We are all grappling with this tumultuous present. A generational record on repeat; harmonious and disjointed, passionate and sad, exuberant and frightening. I experience a multitude of emotions most days, and attempt to carve out space for more introspection and meditation. Rest and respite have taken up more residence. I have been looking for more ways to process all that is happening, while still attempting to localize myself in the abundance of this moment. One rich with opportunity to unpack, unlearn, and chart new paths forward. It was from this space that I turned my attention to the creative visions of Simon Benjamin and Timothy Yanick Hunter, two Caribbean multidisciplinary artists raising questions about Africa and the diaspora, and the impact of the past on our present.
Timothy’s process is akin to a musician arranging a composition. He spent the duration of the summer in isolation creating a synthesis of sound, video and still images. Manipulated, layered, spliced; a collage of emotion. There is a pulsing vitality to his work, as seen in 800 Meters Double Dutch, where we as the viewer become hypnotized by Olympic runners racing to the finish line. A lexicon of black culture. Simon invites us to travel to Senegal and Jamaica, where the water is blue and the beach expansive. He removes us from the pulsing energy of America, his photography and video, portals for processing and integration. He returns again and again to cities, presenting their simplicities and unveiling their complexities. In A Return, a young Senegalese boy swims in the waters of Gorée Island, a moment of leisure, flanked by the island’s history.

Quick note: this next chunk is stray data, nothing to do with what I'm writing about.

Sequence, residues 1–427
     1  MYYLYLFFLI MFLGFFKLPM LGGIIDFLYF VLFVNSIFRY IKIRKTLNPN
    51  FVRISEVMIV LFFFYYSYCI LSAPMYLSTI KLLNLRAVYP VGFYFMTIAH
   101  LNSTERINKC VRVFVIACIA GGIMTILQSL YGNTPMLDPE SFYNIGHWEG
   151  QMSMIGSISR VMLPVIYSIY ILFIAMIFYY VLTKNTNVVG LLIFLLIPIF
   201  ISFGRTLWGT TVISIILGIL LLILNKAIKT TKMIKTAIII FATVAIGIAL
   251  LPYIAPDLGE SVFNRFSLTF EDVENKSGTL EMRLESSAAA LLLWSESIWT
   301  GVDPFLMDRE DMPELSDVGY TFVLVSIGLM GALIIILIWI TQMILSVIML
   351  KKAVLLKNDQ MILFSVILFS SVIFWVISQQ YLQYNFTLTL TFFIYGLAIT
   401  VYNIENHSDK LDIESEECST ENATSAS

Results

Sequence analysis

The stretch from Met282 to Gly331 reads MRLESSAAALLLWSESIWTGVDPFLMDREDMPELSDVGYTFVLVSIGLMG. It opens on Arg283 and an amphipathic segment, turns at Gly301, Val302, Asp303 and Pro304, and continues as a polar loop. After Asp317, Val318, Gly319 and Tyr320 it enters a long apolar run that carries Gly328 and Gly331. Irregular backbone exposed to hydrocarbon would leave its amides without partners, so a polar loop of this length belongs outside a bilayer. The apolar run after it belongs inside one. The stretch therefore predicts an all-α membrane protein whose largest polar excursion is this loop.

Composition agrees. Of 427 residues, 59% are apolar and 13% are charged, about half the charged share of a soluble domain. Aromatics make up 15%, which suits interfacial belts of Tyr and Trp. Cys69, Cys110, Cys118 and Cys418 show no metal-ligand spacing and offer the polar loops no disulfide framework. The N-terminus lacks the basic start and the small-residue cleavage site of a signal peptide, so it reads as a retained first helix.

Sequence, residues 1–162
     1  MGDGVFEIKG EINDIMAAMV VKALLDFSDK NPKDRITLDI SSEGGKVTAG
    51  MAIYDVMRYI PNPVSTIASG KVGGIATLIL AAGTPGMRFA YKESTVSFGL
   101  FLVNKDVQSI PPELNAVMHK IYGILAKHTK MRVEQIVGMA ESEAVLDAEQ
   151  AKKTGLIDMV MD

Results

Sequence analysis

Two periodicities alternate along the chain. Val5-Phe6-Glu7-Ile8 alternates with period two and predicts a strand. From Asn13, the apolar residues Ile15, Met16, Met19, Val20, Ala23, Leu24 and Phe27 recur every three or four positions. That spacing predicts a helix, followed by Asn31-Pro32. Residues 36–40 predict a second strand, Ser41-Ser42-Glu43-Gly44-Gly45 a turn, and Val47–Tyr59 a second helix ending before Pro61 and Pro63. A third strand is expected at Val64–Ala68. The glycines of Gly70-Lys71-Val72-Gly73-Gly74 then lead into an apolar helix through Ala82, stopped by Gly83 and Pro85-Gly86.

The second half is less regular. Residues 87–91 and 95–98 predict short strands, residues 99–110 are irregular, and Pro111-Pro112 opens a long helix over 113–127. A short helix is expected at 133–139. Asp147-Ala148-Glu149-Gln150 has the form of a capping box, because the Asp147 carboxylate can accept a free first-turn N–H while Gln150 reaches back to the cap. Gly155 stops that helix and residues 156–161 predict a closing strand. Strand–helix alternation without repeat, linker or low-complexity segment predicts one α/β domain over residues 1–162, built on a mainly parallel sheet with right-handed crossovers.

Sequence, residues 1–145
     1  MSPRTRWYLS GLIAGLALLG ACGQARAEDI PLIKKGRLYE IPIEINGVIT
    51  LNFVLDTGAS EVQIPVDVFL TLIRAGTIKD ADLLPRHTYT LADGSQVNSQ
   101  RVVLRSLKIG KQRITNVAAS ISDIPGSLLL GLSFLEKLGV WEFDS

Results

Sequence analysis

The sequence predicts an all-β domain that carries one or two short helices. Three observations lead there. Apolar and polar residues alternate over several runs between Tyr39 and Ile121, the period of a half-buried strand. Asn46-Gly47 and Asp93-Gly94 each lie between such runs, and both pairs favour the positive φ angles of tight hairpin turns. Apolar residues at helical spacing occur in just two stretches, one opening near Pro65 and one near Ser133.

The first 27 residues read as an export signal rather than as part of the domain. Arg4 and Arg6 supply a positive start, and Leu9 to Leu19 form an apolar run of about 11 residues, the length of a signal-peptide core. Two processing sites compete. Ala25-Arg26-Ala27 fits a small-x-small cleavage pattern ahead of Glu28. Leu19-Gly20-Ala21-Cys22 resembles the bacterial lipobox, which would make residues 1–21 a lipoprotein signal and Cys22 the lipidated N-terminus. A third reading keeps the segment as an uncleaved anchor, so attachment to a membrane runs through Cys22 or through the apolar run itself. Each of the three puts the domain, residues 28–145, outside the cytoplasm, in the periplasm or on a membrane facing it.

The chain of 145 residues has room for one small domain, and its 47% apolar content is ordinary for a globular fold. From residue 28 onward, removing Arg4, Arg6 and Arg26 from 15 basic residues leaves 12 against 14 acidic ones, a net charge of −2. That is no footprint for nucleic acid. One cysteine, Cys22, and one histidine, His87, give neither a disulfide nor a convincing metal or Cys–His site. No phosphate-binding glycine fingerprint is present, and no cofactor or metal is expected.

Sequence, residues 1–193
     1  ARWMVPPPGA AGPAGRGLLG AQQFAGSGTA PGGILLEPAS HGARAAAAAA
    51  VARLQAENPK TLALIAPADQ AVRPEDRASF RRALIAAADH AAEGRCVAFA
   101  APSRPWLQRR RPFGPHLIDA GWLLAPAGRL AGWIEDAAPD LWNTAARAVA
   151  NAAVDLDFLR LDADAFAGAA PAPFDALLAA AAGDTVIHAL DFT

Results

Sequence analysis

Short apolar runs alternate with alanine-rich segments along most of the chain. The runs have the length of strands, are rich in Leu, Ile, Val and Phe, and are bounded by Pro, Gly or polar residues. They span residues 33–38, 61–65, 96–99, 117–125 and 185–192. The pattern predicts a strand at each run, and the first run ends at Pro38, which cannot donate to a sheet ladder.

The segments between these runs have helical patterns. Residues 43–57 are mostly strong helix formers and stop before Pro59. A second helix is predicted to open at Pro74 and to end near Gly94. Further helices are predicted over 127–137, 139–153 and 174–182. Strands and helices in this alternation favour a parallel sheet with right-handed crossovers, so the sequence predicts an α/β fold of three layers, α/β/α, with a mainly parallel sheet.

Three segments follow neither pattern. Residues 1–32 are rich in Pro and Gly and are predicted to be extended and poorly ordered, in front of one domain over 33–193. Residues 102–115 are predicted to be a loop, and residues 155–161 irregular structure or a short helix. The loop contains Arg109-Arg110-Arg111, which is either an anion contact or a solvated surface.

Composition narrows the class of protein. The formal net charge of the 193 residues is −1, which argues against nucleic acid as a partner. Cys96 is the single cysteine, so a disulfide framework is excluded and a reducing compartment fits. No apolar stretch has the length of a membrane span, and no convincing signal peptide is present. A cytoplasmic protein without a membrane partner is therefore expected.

Between Land and Sea, is textured and curious, speaking to the cross influence between region and place and engaging with the different frequencies of any given moment. —Stephanie Baptist
Stephanie Baptist was a 2019 recipient of the Catherine Hannah Behrend Fellowship in Visual Arts Management in 92Y’s Women inPower program.